Friday, December 18, 2009

Hey Rocky, Watch Me Pull A Non-Existing Specific Citing From The Constitution Outta My Hat!
But that trick NEVER works!

Ladies and gents... they honestly believe that we average Americans are too stupid to read the Constitution for ourselves.

Now I'm quite sure that there were more than a few 'public health issues' back in late 18th century America. If the Founding Father meant for the federal governemnt to be the dispenser of all things medical, then they would have said so.

Anyone else notice they didn't?

Here's some of an interesting little from; (Emphasis mine)
Sen. Lincoln: Congress Can Force Americans to Buy Health Insurance Because Constitution ‘Charges Congress With the Health’ of the People
By Nicholas Ballasy, Video Reporter

( - Sen. Blanche Lincoln (D-Ark.) told that Congress has the authority to force individual Americans to buy health insurance because
the U.S. Constitution “charges Congress with the health and well-being of the people.”

The words “health” and “well-being” do not appear anywhere in the Constitution.

The Congressional Budget Office has determined that in the entire history of the United States the federal government has never mandated that Americans buy any good or service. Both the House and Senate health care bills, however, include provisions that require all legal residents of the U.S. to purchase health insurance, a provision whose constitutionality has been questioned by, among others, Sen. Orrin Hatch (R.-Utah), the former chairman of the Senate Judiciary Committee.

At a press conference on Capitol Hill, asked Sens. Mary Landrieu (D-La.) and Blanche Lincoln the following question:
“What part of the Constitution do you think gives Congress the authority to mandate that individuals have to purchase health insurance?”

Lincoln did not answer the question during the press conference but spoke to in the Dirksen Senate Office Building immediately afterward. asked her there: ‘You didn’t respond to my constitutionality question during the press conference, and what was your reaction to, your answer to the question?”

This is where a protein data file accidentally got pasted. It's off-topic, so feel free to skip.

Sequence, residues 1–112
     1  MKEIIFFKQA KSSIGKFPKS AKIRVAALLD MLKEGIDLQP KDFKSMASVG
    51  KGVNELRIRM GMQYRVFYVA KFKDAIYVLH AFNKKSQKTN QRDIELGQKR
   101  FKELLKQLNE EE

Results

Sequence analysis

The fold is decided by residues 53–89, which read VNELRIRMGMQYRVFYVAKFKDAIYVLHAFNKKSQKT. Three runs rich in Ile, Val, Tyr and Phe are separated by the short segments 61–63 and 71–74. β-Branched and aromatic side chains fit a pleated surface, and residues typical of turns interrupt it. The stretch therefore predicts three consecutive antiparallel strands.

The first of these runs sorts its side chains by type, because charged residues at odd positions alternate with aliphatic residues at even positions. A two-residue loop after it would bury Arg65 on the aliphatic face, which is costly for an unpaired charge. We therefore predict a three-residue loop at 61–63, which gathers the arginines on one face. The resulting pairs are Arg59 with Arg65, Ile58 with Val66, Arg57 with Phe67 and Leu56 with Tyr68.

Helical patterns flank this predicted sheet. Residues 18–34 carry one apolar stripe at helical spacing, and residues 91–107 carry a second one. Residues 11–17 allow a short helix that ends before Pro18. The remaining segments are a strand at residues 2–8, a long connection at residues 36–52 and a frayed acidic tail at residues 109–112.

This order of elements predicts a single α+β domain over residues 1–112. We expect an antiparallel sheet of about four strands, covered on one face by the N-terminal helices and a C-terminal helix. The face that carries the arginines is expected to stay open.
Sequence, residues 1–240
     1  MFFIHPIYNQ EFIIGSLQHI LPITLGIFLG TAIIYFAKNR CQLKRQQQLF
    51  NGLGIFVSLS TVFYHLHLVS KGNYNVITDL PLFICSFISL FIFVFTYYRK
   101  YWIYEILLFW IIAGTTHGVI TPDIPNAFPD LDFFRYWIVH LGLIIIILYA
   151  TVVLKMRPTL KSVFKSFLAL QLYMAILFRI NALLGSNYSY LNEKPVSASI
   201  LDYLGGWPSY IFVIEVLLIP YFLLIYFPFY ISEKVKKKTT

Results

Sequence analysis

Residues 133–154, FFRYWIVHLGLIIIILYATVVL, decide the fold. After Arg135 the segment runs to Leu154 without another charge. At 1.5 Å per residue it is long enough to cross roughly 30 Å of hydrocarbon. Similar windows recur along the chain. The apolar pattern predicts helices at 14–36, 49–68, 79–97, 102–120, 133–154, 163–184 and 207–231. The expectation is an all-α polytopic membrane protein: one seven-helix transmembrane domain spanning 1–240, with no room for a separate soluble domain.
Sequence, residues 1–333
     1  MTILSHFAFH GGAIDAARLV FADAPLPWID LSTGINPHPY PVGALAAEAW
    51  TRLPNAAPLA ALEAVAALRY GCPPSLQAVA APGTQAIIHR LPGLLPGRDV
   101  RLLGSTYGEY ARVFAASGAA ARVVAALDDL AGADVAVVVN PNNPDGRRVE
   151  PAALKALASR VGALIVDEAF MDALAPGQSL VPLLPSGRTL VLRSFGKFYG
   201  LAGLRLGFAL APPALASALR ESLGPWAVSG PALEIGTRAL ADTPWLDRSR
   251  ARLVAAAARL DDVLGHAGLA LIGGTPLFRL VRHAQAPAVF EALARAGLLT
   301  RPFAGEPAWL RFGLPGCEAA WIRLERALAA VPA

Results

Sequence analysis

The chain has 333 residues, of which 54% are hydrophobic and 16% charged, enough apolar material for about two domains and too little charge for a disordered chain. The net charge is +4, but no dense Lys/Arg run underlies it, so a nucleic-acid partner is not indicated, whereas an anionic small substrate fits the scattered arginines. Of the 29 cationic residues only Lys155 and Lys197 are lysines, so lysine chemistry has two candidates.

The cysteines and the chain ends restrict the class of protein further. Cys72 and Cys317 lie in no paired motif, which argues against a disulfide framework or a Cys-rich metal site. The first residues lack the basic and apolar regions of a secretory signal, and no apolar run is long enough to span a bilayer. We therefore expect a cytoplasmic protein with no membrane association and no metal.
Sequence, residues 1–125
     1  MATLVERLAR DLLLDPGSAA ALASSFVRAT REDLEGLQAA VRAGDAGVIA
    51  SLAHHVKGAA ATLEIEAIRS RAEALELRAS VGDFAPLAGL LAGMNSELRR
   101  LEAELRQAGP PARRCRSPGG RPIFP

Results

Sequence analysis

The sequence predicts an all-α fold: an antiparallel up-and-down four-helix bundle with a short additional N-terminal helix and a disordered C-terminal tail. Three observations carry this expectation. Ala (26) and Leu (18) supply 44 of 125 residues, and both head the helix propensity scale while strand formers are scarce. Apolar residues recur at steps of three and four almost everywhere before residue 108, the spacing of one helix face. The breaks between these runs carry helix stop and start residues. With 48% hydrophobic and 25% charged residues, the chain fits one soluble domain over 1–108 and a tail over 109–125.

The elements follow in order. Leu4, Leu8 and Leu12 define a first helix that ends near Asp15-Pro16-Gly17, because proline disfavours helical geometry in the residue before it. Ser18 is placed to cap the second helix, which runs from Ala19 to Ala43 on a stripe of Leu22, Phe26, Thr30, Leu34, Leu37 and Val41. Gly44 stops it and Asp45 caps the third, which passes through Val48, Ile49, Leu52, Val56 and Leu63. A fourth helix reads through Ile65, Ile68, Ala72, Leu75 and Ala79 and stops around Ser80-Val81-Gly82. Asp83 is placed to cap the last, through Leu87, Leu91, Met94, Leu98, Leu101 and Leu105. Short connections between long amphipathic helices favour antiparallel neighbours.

“Well, I just think the Constitution charges Congress with the health and well-being of the people,” Lincoln said. then asked the Senator: “So, what area though? You’re saying the health and well-being. What area, though, does that fall under?”

“The health and well-being of the people of the country,” she replied.

During the press conference, Landrieu told she would let “constitutional lawyers on our staff” answer the question of where the Constitution authorizes Congress to mandate that individuals buy health insurance. “Well, we’re very lucky as members of the Senate to have constitutional lawyers on our staff, so I’ll let them answer that,” said Landrieu.

“But what I will say is that most certainly it is within Congress’ jurisdiction to come up with a way to have a health insurance funded with shared responsibility, is the way I like to, you know--government has a responsibility, individuals have a responsibility and business has a responsibility,” said Landrieu.

In 1994, when Congress was considering then-President Clinton’s proposal for universal health care, the CBO studied the issue of an individual mandate to purchase health insurance and discovered that the federal government had never in the history of the United States mandated that individuals purchase any good or service.

“A mandate requiring all individuals to purchase health insurance would be an unprecedented form of federal action,” said the CBO. “The government has never required people to buy any good or service as a condition of lawful residence in the United States.”

This July, the CBO said that an attempt to justify a mandate that people buy health insurance by using the Commerce Clause of the Constitution—which gives Congress the power to regulate commerce “among the several states”—raises a “novel issue.”

The words “health” and “well-being” do not appear anywhere in the Constitution. The closest approximations to these words come in the Preamble, which includes the phrase “promote the general welfare,” and Article 1, Section 8, which includes the phrase “provide for the common Defence and General Welfare.” As per the CBO's historical analysis, neither of these phrases has ever been used to justify Congress forcing individual Americans to purchase something.
It's a fair bet (and historocally accurate asssessment) that the Founding Fathers translated 'general welfare' as less taxes, smaller government, and individual freedom/personal responsibility.

And those all happen to be a total 180 degree turn against what the Defeatocrats and ObaZombies believe.

Coincidince? I think not.


Blogger JLS said...

I don't see how anybody can vote for such idiots.

10:19 PM  
Blogger Al said...

Cavey, given that from the contents of this post it is clear that the average congresswoman (or man) hasn't read it, why should they think we have?

& what is even sadder/scarier is that part of their oath of office is to uphold the Constitution. That alone should tell them they need to know what they are upholding.

4:06 AM  
Blogger Al said...

PS Unlike Bullwinkle with the lion, I doubt that it will be as easy to put ObamaCare back in the bottle should it be unleashed.

4:08 AM  

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